Remembering all lives that were tragically taken too early

How does 9/11 fit into America's history, 20 years on?

The 9/11 World Trade Centre attack, remembered 20 years on - Credit: AP

The 9/11 atrocity 20 years ago, with 3,000 people killed, is still a vivid memory. I remember exactly where I was when the news first came through.

I also remember three months later that churches every Sunday were praying for the victims of 9/11, whereas by then many others had been killed in accidents and other stuff which never made the news. There were then about 3,000 people killed on the roads in America every month; now more than 3,000 US and British servicemen have been killed in Afghanistan in the last 20 years.

Each single untimely and unexpected death is a disaster for relatives, friends and loved ones. Every victim of 9/11 had a different story; each family and group of friends were quite distinct from the others. Most of us have some experience of untimely deaths through others, either distantly or someone very close. The common comment: "I know exactly how you feel" is exactly wrong. No one knows how anyone else feels under these circumstances; Anne and I lost our eldest son nearly 30 years ago - so "been there, done that" as the saying goes.

So my thoughts and prayers go out to all those that have lost loved ones over recent years; 9/11 was traumatic; in 2005, hurricane Katrina in New Orleans killed 1,833; the recent shootings in Plymouth were nearby and unbelievable; but many other instances, some reported in the press but most private - are all a tragedy to those close to them and remembered by anyone reading this column. I won't apologise for the reminder; we don't need reminding.

Coronavirus dominates the news and tells us every day how many people have died from the virus in the UK, but it is worth putting this in context. About 30 people are killed on the roads in the UK every week; 100 deaths a month were recently attributed to obesity and overweight; Covid19 deaths have soared now back to around 100 per day. However, there are more deaths from cancer, heart disease, and dementia. Government statistics are too detailed for a quick summary - anyone feeling slightly depressed can do their own research and realise there are many people worse off.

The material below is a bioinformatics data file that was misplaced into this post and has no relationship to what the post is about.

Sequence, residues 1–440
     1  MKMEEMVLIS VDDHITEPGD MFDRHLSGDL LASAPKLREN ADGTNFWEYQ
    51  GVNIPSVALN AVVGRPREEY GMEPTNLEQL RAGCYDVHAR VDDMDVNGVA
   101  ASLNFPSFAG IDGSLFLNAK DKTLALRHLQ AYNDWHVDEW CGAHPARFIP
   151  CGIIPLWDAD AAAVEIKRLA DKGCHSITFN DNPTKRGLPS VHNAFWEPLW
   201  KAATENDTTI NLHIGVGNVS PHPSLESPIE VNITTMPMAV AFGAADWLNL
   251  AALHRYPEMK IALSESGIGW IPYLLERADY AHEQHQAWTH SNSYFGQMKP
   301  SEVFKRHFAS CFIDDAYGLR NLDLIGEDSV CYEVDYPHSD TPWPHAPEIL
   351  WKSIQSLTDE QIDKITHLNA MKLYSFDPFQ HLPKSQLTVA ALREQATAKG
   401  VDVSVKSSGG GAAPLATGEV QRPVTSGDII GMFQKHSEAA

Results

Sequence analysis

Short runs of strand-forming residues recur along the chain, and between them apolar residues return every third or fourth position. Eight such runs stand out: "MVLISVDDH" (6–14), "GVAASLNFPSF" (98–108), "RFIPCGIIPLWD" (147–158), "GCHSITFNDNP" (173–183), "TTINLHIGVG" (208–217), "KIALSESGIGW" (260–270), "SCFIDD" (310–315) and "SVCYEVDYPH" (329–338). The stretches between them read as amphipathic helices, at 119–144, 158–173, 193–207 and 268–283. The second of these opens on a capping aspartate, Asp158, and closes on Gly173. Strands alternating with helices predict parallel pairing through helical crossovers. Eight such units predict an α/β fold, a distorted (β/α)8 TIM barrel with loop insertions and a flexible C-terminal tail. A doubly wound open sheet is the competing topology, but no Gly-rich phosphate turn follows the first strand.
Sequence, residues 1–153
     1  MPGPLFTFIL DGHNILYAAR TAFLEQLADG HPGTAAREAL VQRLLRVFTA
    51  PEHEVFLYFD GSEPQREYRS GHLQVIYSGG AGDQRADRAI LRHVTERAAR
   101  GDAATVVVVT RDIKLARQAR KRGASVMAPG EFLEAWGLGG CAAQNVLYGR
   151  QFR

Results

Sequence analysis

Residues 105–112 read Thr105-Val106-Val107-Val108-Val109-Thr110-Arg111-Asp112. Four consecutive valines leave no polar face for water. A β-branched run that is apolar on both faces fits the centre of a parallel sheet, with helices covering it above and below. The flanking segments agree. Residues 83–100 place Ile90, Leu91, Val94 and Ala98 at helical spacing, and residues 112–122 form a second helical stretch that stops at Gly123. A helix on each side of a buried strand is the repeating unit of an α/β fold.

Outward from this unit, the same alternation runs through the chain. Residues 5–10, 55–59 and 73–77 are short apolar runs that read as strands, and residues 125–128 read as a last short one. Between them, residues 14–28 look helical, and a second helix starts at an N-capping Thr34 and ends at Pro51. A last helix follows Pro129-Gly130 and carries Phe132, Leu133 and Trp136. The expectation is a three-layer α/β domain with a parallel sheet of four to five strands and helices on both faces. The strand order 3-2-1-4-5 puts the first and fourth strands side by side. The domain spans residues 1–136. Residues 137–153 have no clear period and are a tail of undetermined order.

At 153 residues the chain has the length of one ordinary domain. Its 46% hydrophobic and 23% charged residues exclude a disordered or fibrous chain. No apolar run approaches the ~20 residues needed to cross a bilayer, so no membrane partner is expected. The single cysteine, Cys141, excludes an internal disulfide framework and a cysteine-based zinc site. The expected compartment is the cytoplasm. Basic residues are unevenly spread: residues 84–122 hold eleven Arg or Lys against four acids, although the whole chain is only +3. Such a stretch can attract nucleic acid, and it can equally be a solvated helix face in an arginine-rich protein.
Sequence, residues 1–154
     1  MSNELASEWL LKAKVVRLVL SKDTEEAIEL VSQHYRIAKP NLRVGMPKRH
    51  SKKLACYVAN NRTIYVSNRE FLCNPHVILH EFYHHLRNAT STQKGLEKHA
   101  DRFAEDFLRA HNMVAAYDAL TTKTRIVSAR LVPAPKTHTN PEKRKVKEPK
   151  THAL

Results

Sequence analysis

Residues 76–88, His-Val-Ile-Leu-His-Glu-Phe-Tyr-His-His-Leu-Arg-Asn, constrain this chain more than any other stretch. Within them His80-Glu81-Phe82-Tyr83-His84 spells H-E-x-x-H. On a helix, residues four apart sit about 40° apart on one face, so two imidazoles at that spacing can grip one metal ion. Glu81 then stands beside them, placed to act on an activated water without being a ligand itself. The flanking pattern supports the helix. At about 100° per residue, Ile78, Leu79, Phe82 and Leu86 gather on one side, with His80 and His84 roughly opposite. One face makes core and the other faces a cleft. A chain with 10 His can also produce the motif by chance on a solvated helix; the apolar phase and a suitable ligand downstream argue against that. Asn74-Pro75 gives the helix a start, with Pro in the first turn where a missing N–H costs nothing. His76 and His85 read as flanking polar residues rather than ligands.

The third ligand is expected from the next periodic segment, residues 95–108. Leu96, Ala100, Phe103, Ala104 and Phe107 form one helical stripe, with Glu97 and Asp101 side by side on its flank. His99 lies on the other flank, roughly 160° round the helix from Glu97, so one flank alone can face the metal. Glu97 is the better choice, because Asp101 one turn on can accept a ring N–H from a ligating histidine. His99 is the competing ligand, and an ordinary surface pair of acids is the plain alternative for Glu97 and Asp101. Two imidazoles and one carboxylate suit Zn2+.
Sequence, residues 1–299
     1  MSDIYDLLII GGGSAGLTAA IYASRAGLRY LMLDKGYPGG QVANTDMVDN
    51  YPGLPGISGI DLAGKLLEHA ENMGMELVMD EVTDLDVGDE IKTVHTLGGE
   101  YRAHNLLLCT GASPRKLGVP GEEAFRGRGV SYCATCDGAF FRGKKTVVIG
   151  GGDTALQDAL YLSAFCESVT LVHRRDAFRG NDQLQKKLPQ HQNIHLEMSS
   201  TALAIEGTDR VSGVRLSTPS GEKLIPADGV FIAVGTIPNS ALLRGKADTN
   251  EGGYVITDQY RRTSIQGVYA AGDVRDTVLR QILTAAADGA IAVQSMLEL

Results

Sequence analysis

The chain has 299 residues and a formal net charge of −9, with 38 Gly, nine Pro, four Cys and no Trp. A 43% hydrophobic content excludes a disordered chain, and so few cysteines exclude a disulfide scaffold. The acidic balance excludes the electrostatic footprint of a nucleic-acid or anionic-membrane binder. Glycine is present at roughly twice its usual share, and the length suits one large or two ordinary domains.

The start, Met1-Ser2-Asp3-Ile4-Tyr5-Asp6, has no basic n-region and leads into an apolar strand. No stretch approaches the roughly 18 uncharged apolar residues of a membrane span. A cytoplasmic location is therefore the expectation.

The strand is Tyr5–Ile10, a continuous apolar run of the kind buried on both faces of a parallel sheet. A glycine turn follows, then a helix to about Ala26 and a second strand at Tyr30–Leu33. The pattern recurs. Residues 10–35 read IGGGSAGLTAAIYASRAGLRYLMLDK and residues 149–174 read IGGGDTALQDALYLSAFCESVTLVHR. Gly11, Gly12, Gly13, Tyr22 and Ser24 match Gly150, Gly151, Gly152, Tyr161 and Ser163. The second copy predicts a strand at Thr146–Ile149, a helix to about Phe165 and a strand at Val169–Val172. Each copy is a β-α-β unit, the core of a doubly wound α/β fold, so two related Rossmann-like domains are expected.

Some years ago I was very late at Dunstable hospital due to a bad accident on the M1. Two drivers had been killed, but the consultant I was visiting told me there was much more loss of life; people had their lives shortened from stress caused by the delays. I never worried about delays after that, just hoped the people waiting weren't stressed.

As we recall 9/11, let's remember all those who have died tragically in recent times, some reach the news but the majority don't. Each one is an individual, as are their friends and loved ones, each working through denial, anger, bargaining, depression and acceptance, to quote the formalised stages of grief. I can vouch for anger when we lost our son many years ago, but have now arrived at "acceptance" by whatever route. In prayer we ask God for what we want; prayer also reminds us we are not alone and has a calming effect.

Many of our friends and acquaintances may be carrying a mental burden which may not be apparent. We hear about "Long Covid". I think there is also "Long-Lockdown", not yet acknowledged by the professionals, but we can all be a bit snappy for reasons that other people do not know.

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